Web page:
Three days ago, the Utah Department of Environmental Quality closed Utah Lake, the Jordan River, and all related canals because of something called Blue-green Algae. Over 20 dogs have been exposed and shown signs of sickness, 100 dead ducks have been discovered, and at least 330 cases of human illness have been reported. Farmers reliant on irrigation water are at risk of losing their crops. This has become a serious problem for Utah in the past week. Now 750 rivers have been tested along with 150 rivers and lakes. Liberty Park pond has been closed as a precaution, and the Utah Lake bloom covers more than 38 miles of water. But what is it, and why is it so serious?
Cyanobacteria, also known as blue green algae, pond scum, etc., is a natural part of the ecosystem of large bodies of water. When conditions are just right, it can bloom suddenly and grow rapidly, overtaking entire bodies of water. The ‘blooms’ can last for up to several weeks. While most types of these algae are harmless or even nutritionally beneficial to humans, blooms containing Aphanizomenon flos-aquae are, quite clearly, very dangerous. Currently the levels of this cyanobacteria are more than triple the threshold that the World Health Organization has deemed a risk to humans.
The following symptoms have been taken directly from the Utah Department of Health’s Website:
|If you Swallowed contaminated water
||If you came into Skin contact with water
||If you Breathed droplets of water
Pets can become sickened as well. If your pet came into contact with any contaminated water and are experiencing the following symptoms, take them to your vet immediately. Two dogs died as a result of an algae bloom in Utah in 2013, so this is a serious matter.
Pet and Animal Symptoms
Even using the surfaces of the contaminated waters can release toxins into the air, causing you to breathe them. Boiling the water in an attempt to kill off the contaminants actually releases them into the air. Avoiding the water is the best way to stay safe.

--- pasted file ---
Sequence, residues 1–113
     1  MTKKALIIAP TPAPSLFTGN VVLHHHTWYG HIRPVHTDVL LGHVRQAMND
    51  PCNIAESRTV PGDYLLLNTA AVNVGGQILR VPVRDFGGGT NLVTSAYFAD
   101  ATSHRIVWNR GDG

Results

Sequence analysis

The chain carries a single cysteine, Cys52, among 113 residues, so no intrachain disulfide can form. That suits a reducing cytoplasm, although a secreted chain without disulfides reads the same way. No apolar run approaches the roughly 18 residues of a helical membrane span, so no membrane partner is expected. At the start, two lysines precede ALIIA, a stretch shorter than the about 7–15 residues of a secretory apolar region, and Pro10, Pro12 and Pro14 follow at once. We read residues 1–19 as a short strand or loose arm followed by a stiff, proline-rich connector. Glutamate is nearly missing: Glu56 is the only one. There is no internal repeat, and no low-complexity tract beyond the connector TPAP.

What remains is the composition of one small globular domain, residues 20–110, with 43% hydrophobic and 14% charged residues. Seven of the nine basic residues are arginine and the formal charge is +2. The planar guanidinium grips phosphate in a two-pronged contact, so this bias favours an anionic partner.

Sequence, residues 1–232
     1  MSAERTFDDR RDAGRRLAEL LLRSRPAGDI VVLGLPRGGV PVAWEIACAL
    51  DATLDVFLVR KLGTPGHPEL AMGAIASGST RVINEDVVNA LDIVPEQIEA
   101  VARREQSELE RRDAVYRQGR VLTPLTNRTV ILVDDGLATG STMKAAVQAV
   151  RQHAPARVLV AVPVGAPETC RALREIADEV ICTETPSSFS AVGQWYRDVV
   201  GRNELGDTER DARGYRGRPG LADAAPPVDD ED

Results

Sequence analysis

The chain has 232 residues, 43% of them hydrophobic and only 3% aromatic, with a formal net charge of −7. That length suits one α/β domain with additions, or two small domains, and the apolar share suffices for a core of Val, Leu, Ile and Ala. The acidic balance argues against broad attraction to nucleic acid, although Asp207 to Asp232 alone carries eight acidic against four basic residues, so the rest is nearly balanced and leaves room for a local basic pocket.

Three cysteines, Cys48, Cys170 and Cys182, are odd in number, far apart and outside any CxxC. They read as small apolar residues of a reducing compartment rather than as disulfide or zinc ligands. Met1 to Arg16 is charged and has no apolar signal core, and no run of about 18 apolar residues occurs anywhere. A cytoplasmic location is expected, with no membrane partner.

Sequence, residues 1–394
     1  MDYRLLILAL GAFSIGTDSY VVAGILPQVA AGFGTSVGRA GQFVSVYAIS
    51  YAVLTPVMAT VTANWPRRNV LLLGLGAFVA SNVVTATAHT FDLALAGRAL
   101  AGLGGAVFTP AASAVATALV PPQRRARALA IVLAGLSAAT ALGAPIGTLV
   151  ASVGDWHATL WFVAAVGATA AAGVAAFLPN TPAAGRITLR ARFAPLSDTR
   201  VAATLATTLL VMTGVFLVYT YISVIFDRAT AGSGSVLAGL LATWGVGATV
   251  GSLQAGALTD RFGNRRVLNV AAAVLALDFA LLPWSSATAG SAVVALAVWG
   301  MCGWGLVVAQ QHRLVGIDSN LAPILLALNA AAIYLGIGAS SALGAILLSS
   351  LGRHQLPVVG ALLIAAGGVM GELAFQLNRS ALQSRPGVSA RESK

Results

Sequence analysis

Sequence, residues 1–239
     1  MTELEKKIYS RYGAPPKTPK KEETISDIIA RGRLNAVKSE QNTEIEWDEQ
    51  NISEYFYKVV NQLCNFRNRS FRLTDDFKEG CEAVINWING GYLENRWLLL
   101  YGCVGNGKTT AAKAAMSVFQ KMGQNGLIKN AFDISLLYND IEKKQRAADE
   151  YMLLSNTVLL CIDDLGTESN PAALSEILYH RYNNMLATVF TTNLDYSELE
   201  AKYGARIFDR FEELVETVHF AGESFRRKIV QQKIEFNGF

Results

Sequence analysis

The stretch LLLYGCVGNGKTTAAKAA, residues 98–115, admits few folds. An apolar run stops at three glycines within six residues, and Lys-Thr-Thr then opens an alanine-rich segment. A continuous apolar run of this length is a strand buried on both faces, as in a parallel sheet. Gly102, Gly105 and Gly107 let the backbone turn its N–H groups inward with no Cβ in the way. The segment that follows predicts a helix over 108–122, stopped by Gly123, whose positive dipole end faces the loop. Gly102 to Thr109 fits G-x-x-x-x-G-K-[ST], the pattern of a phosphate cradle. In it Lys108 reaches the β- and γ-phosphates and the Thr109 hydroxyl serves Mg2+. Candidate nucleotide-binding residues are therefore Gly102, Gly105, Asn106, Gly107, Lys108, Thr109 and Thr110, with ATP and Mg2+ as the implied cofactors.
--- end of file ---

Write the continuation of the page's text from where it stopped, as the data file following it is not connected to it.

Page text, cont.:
Identifying blue-green algae can be important to your health, as there are many types of green algae that are non-toxic. Visit http://health.utah.gov/enviroepi/appletree/HAB/#Blue_Green_Algae for images to help you identify safe algae from unsafe algae.
If you have come into contact with any of the affected areas in Utah and are feeling symptoms, visit your doctor or call poison control immediately.
The toxicity of the bloom can last several weeks, so wait for the go-ahead from officials before returning to these bodies of water. Preventative measures to prevent this happening again are already in the works. Algae blooms such as those currently in Utah waterways spread in conditions with excess phosphorous and nitrogen in the water, a result of wastewater pumped into Utah Lake by water treatment plants. Seven treatment plants funnel their water into Utah lake, and starting in 2020 they will be forced to test water for excess phosphorous and meet regulated limits. This should prevent the conditions in which this toxic algae can bloom from happening again in the future. For now, stay out of the water and call your Granger physician if you think you may have been exposed.